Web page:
Apollo 11 50th Anniversary: Google Celebrates With Video Doodle Narrated by Astronaut Michael Collins

Ahead of the 50th anniversary of Apollo 11's moon landing, Google is honoring the historic event with a video Doodle that gave users the chance to experience the journey.

Google users on Thursday likely noticed a change to their homepage when they visited the internet search website. On the homepage, users could watch a video narrated by Apollo 11 astronaut Michael Collins.

Along with a series of animations dedicated to taking users on a journey from liftoff, to the moon and back to Earth, Collins explained what it was like aboard the rocket.

"Neil [Armstrong], Buzz [Aldrin] and I felt the weight of the world on our shoulders," Collins said in the video. "It took around 400,000 people to land humankind on the moon."

Collins noted that at the time, the astronauts thought their computer on the aircraft was sophisticated, but in actuality, it was less sophisticated than people's phones today. When they reached the moon for the first time, Collins called it a "magnificent spectacle" and said the sun was coming up around the moon, making a golden halo.

google doodle apollo 11 moon landing anniversary
To mark the 50th anniversary of the Apollo 11 moon landing, Google gave users the ability to take a journey to the moon and back with astronaut Michael Collins. Google

Despite the beautiful sight of the moon, the astronaut noted the view of the earth was even more spectacular.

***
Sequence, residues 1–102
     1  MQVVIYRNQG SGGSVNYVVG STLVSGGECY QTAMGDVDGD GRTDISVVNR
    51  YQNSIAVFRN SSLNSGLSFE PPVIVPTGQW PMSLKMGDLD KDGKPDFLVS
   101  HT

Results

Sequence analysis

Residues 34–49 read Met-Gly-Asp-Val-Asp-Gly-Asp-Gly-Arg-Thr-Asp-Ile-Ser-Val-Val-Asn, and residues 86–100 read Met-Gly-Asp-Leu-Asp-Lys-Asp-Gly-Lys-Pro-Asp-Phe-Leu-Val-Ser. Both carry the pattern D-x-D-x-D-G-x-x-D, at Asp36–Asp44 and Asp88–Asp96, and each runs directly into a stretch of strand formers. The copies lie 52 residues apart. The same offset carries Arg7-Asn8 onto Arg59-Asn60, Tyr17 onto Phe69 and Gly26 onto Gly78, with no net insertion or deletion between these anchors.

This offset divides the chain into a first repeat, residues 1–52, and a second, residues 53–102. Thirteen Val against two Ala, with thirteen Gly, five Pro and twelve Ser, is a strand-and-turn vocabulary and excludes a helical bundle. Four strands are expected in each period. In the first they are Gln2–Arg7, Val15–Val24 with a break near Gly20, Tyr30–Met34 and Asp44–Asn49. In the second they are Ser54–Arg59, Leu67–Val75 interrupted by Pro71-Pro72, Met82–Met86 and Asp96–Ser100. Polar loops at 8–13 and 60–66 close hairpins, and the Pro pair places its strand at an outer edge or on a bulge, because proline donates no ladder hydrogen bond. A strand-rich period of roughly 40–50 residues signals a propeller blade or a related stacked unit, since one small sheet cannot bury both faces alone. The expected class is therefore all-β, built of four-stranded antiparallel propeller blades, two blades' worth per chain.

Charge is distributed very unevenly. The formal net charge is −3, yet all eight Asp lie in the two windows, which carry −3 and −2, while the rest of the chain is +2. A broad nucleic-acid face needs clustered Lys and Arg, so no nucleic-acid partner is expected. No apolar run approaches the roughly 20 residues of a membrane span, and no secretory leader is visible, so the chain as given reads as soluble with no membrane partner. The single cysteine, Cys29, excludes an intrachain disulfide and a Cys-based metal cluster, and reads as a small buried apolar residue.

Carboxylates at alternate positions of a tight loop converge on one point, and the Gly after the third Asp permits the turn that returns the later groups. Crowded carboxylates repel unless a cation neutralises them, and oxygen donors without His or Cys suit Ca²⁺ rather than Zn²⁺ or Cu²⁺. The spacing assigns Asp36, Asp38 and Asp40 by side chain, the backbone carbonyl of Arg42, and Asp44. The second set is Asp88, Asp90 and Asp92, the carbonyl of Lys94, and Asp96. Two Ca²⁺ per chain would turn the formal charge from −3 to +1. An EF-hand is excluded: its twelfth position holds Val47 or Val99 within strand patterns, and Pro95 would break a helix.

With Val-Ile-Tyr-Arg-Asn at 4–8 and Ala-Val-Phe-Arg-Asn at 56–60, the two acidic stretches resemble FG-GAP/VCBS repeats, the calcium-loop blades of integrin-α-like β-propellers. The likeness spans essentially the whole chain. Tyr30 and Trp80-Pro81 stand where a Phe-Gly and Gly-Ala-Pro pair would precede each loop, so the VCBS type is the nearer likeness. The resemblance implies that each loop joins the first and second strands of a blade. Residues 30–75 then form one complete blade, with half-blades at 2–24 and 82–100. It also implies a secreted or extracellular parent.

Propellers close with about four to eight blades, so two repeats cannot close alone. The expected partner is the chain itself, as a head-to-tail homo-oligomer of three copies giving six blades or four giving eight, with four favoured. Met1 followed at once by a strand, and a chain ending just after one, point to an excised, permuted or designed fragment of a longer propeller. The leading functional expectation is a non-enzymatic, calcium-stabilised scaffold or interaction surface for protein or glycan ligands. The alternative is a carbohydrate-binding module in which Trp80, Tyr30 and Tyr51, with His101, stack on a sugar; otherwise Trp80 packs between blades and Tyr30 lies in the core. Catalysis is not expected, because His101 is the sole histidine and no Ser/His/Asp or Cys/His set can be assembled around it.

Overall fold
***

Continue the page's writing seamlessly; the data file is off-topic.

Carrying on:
"The earth was the main show," Collins described. "The earth was it."

Along with the video Doodle, Google users could learn about the command module in augmented reality by searching "Apollo 11" from their AR-enabled mobile device. Once at the search, they could also discover stories about the mission, spacecraft and the people who were involved in making the mission a success.

"Fifty years ago, NASA's Apollo 11 mission changed our world and ideas of what is possible by successfully landing humans on the surface of the moon—and bringing them home safely⁠—for the first time in history," Google wrote in the blog.

On July 16, 1969, the astronauts took off from Florida's Kennedy Space Center and orbited the moon before the lunar module, "the Eagle," separated from the rocket. After a 13-minute journey to the moon's surface, on July 20, 1969, Armstrong became the first man to step foot on the moon.

"That's one small step for man, one giant leap for mankind," Armstrong famously said over the radio.

Following in Armstrong's footsteps, Aldrin joined him on the moon shortly after and the two men left both an American flag, a patch honoring the fallen Apollo 1 crew and a plaque.

"Here men from the planet Earth first set foot upon the moon. July 1969 A.D. We came in peace for all mankind," the plaque read.

On July 25, 1969, the Apollo 11 crew returned safely to earth, landing off the coast of Hawaii.